2. The petitioner is not entitled to evaluation and treatment for his shoulder pain and dizziness. He has the burden to prove by a preponderance of the evidence that the conditions for which he seeks medical treatment were caused by his industrial accident. Hall v. Atlantic Richfield Co., 248 Mont. 484, 487, 812 P.2d 1262 (1991). He has failed to carry that burden. Petitioner's shoulder pain and dizziness are not related to his February 1, 1989 industrial accident. Dr. Foster's recommendation of a neurological follow up was predicated on petitioner's statements that he had fallen several feet, hitting his arm and head, as well as his wrist. As found herein, those statements were untrue. Moreover, Dr. Foster did not recommend a neurological follow up regarding the shoulder pain, which he opined was muscular in nature. While Dr. Nelson, a neurologist who saw petitioner on March 9, 1992, recommended an MRI of the neck to rule out a herniated cervical disc, he did not specifically address the relationship of that possible condition to the industrial accident and was similarly relying on petitioner's report that he had fallen 23 feet when injured in 1989.

3. Petitioner has not requested and in any event is not entitled to, attorney fees and costs.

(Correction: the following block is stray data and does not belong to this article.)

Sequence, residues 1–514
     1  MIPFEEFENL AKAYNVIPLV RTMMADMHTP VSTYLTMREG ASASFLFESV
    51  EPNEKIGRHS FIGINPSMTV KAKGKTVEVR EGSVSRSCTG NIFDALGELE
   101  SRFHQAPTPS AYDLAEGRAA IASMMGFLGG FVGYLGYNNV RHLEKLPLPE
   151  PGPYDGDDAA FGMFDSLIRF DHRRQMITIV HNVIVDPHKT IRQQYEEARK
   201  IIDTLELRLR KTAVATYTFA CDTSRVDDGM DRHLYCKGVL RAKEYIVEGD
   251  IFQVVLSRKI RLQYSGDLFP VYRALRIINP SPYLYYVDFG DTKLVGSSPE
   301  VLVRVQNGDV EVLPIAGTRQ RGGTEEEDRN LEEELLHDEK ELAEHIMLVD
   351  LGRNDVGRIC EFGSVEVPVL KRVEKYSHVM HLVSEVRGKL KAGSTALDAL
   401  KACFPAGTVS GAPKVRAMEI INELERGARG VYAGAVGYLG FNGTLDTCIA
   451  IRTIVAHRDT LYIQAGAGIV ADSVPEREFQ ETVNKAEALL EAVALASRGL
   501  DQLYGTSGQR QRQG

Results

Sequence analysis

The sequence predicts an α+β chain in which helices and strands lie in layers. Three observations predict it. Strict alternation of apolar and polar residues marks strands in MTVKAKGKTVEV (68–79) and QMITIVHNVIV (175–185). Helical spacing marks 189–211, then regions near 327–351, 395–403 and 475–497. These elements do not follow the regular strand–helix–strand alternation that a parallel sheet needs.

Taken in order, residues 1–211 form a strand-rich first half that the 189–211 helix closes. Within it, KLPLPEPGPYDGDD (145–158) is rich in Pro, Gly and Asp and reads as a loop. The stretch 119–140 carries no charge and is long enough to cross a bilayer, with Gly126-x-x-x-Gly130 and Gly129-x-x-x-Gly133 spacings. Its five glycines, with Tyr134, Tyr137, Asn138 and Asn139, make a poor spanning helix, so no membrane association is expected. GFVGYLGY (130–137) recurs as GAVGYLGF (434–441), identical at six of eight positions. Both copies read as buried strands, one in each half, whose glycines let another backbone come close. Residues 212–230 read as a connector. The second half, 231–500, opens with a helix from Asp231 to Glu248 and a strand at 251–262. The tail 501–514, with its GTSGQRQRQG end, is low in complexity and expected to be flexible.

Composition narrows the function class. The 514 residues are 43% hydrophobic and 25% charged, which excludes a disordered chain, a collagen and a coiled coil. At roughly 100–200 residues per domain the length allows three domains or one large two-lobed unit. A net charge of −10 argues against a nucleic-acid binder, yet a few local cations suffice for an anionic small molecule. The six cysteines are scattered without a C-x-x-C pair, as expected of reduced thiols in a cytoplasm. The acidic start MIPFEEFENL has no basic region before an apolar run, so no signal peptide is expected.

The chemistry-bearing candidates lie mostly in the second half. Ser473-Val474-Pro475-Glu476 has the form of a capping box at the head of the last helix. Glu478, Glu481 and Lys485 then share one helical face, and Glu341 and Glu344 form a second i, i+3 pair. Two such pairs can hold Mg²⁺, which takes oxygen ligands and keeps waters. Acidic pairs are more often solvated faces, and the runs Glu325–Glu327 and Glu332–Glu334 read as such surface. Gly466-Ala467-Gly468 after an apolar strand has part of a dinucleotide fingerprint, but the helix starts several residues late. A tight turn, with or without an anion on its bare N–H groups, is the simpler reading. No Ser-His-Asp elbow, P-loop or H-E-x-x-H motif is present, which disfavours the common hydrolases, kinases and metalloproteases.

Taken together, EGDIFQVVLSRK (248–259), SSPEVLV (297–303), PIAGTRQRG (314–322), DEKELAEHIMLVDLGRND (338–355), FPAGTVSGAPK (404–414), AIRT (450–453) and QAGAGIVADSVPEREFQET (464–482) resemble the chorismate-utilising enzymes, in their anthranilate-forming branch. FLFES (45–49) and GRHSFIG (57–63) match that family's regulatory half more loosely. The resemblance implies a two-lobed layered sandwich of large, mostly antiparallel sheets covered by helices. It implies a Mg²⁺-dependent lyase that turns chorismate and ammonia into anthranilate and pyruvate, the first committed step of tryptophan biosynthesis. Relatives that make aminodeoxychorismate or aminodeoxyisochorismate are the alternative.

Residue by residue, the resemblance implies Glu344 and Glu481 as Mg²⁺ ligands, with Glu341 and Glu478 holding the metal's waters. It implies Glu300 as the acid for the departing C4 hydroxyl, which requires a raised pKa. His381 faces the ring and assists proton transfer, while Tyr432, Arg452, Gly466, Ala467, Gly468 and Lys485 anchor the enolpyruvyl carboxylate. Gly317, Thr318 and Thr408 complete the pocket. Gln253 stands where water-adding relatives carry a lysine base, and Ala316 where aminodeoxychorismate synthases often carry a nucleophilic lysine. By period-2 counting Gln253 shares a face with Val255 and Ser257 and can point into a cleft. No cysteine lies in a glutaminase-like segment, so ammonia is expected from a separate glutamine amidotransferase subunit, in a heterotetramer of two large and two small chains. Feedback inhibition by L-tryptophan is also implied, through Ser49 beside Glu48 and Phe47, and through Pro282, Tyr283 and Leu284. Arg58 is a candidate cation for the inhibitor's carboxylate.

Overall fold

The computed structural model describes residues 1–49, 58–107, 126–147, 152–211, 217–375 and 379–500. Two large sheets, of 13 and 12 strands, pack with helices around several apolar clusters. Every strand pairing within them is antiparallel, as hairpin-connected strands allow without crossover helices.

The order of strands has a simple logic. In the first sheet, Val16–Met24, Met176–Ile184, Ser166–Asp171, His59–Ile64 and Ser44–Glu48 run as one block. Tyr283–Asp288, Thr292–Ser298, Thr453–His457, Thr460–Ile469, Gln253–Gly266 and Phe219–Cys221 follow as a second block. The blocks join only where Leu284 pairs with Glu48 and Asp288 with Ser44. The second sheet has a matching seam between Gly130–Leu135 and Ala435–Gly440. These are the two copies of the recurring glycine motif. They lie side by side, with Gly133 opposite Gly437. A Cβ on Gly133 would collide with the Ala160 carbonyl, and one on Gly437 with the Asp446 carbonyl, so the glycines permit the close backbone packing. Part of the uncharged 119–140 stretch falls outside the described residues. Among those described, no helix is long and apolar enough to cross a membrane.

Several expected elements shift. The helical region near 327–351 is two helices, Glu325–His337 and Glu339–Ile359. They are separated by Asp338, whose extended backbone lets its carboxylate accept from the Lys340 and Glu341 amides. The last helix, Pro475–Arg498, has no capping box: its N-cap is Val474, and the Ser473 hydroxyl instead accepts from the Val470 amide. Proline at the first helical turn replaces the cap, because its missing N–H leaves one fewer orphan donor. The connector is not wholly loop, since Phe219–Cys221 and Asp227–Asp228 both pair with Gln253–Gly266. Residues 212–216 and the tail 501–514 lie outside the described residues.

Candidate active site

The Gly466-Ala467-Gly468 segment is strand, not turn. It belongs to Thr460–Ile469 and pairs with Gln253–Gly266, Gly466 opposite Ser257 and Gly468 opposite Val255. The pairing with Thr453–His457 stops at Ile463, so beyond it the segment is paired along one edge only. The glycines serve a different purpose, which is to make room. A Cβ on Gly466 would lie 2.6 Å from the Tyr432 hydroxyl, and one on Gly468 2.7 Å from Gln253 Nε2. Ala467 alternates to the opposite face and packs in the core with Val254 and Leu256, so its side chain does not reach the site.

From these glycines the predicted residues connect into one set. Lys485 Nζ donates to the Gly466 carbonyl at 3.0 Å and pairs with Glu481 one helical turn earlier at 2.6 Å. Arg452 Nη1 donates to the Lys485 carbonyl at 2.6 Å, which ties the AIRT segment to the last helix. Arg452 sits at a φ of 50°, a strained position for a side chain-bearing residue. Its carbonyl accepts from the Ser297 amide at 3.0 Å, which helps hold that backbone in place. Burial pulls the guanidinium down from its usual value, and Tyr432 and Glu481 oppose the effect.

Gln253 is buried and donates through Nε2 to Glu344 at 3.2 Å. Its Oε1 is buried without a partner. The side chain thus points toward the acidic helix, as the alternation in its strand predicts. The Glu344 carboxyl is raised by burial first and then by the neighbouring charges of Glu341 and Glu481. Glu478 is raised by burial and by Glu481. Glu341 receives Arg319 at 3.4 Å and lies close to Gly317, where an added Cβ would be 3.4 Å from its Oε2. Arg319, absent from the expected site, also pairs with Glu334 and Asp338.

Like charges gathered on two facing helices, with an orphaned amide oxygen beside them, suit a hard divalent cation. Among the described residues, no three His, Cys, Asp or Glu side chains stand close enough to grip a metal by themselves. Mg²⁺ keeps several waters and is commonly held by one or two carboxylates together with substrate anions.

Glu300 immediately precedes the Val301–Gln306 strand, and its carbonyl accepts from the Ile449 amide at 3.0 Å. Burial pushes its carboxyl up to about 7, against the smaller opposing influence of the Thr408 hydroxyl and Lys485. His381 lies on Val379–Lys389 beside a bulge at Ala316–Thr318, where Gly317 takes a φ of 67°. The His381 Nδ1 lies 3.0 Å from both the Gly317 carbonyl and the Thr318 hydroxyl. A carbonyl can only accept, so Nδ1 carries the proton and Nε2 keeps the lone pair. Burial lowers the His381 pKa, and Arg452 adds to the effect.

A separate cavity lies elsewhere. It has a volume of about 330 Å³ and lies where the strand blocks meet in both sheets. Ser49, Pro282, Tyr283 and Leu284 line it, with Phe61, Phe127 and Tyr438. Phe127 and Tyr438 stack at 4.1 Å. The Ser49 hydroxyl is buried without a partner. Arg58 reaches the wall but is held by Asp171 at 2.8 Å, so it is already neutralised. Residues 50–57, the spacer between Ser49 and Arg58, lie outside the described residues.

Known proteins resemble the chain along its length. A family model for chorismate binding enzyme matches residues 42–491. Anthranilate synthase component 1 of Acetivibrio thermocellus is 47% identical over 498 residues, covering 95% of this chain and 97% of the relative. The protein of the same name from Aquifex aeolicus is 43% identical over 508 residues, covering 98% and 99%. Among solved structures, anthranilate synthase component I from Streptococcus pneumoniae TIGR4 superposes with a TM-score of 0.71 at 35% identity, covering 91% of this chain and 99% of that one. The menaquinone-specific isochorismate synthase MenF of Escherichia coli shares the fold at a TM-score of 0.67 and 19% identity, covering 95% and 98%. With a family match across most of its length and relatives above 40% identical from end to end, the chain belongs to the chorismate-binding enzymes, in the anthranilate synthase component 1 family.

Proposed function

1. This Court has jurisdiction over this matter pursuant to section 39-71-2905, MCA.

2. The petitioner's request that the Court order the State Fund to authorize and pay for evaluation and treatment of petitioner's shoulder pain and dizziness is denied, and his petition is dismissed with prejudice.

3. Petitioner is not entitled to attorney fees, costs, or a penalty.

4. The JUDGEMENT herein is certified as final for purposes of appeal pursuant to ARM 24.5.348.

5. Any party to this dispute may have 20 days in which to request a rehearing from these Findings of Fact and Conclusions of Law and Judgment.

DATED in Helena, Montana, the 18th day of November, 1993.


\s\ Mike McCarter

c: Mr. Philip M. Kleinsmith
Mr. Charles G. Adams

1. Orthostatic is defined as "pertaining to or caused by standing erect." Dorland's Illustrated Medical Dictionary.